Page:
I am Greta

I am Greta
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Do you recognize the name Greta Thunberg? Her face? Her voice? Her piercing eyes? Someone you have followed? Ignored? Mocked?

The documentary, I am Greta, covers a year in the life of the Swedish 15-year-old climate change activist and is worth watching.

Thunberg’s love of animals and a growing anxiety about the environmental crisis moved her to action. She began by making choice changes with her own family. “I must do what I can,” declared Thunberg as she quietly began sitting on a sidewalk outside the Swedish parliament buildings every Friday in 2018. This Friday school strike gained traction becoming the Fridays for Future or the Climate School Strike movement. Friday strikes took place every Friday somewhere in the world culminating in a multi-city rally that involved over one million students.

As Thunberg’s message widened, she was invited to speak at policy summits in her own country and continent. In 2019, Thunberg, when she was invited to address the 2019 United Nations Climate Action Summit in New York City, made the choice to sail across the Atlantic to minimize her carbon footprint. “How dare you?” were her enduring words as she scolded world leaders, challenging them to take a stand and implement necessary changes for their children and grandchildren’s future.

The documentary is as unadorned as Greta Thunberg herself. There is an urgency in her teen voice set against the background of an often indifferent and even rude adult audience.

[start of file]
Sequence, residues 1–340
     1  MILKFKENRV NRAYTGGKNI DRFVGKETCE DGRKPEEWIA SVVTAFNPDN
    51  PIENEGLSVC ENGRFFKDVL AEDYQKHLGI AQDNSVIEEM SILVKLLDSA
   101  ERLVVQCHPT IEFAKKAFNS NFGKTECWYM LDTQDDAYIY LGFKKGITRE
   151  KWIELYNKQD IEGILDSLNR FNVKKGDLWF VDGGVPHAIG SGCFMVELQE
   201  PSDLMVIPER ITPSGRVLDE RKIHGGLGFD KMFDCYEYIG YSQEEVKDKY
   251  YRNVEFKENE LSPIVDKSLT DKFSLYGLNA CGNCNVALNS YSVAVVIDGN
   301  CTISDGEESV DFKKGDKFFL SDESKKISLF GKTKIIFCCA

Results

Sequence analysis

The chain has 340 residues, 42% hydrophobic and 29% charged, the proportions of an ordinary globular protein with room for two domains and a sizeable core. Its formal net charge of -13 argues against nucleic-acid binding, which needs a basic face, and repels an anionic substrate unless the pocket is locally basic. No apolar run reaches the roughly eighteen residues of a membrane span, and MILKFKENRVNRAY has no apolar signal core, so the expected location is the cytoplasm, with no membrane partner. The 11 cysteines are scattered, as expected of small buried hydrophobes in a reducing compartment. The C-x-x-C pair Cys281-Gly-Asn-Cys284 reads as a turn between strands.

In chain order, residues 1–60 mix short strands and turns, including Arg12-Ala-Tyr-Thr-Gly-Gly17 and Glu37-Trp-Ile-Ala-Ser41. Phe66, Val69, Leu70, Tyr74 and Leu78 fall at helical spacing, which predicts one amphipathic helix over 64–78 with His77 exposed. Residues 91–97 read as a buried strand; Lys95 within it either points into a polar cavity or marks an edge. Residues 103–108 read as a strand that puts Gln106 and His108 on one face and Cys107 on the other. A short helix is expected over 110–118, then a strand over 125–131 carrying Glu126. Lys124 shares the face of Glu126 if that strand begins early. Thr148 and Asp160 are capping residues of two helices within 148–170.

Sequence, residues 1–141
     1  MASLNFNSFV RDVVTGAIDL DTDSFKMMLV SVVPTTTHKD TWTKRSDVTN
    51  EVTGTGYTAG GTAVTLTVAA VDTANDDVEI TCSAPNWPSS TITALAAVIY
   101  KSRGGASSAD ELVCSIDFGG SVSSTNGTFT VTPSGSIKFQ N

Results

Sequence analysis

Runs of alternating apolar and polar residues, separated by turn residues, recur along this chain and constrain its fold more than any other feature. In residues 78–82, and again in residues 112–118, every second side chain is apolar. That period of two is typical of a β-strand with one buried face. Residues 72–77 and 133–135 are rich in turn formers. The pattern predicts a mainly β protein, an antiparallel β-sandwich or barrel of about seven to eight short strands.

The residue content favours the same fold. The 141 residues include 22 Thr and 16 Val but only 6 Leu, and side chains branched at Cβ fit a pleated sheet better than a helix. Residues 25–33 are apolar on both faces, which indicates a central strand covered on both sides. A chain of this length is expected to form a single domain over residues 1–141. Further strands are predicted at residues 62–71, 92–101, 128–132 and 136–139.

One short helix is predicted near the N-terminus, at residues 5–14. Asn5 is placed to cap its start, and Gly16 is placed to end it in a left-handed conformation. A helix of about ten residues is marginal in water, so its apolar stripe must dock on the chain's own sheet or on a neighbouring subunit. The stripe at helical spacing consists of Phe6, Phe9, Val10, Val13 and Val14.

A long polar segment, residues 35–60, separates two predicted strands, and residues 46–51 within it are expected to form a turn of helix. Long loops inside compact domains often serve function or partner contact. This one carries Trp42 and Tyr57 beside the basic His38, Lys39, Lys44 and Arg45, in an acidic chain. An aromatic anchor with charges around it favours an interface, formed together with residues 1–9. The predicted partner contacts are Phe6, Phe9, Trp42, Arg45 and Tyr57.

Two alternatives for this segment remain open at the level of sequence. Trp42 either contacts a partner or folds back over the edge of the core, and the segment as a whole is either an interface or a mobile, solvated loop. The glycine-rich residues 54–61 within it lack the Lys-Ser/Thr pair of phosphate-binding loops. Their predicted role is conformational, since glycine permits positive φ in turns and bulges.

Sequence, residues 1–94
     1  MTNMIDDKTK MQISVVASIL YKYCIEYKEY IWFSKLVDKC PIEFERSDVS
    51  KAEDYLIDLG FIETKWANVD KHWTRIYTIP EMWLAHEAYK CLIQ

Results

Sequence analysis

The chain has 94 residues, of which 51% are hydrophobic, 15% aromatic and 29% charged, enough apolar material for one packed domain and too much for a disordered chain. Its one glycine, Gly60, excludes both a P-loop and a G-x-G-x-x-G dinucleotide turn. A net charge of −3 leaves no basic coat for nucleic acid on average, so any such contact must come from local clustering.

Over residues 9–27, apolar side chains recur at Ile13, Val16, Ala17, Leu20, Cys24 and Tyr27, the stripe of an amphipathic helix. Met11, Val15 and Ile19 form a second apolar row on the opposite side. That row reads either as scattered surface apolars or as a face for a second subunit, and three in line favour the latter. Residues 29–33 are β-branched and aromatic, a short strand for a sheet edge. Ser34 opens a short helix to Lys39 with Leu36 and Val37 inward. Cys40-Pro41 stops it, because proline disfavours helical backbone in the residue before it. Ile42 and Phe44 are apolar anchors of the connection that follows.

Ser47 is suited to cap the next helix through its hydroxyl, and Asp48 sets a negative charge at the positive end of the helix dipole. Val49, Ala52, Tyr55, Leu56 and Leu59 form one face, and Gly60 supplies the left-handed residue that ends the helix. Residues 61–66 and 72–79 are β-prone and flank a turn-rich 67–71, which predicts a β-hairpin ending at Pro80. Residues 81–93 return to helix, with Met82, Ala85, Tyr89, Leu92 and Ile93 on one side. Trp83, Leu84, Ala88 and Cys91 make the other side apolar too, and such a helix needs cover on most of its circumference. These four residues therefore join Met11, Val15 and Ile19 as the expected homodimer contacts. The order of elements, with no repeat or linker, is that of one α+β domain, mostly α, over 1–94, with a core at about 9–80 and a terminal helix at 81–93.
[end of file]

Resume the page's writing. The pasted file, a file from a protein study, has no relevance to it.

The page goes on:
This is a recommended viewing for families as well as middle and high school students in classroom settings. There is much to talk about, from one person’s commitment to the impact of a global movement. (Hulu)

About the Author

Jenny deGroot is a freelance media review and news writer for The Banner. She lives on Swallowfield Farm near Fort Langley B.C. with her husband, Dennis. Before retirement she worked as a teacher librarian and assistant principal. 

See comments (1)


I generally ignore Greta Thunberg.  But I will say, the rules of critical theory and intersectionality that the CRC play by nowadays make this hagiographic treatment of young Greta "problematic".  More specifically, I have it on good authority that all the Gretattention is evidence of white privilege, white supremacy, and white power.  I don't make these rules, but I've heard a lot from the institutional CRC lately on how I need to live by these rules.  In that light, I wonder if The Banner should be promoting such problematic material?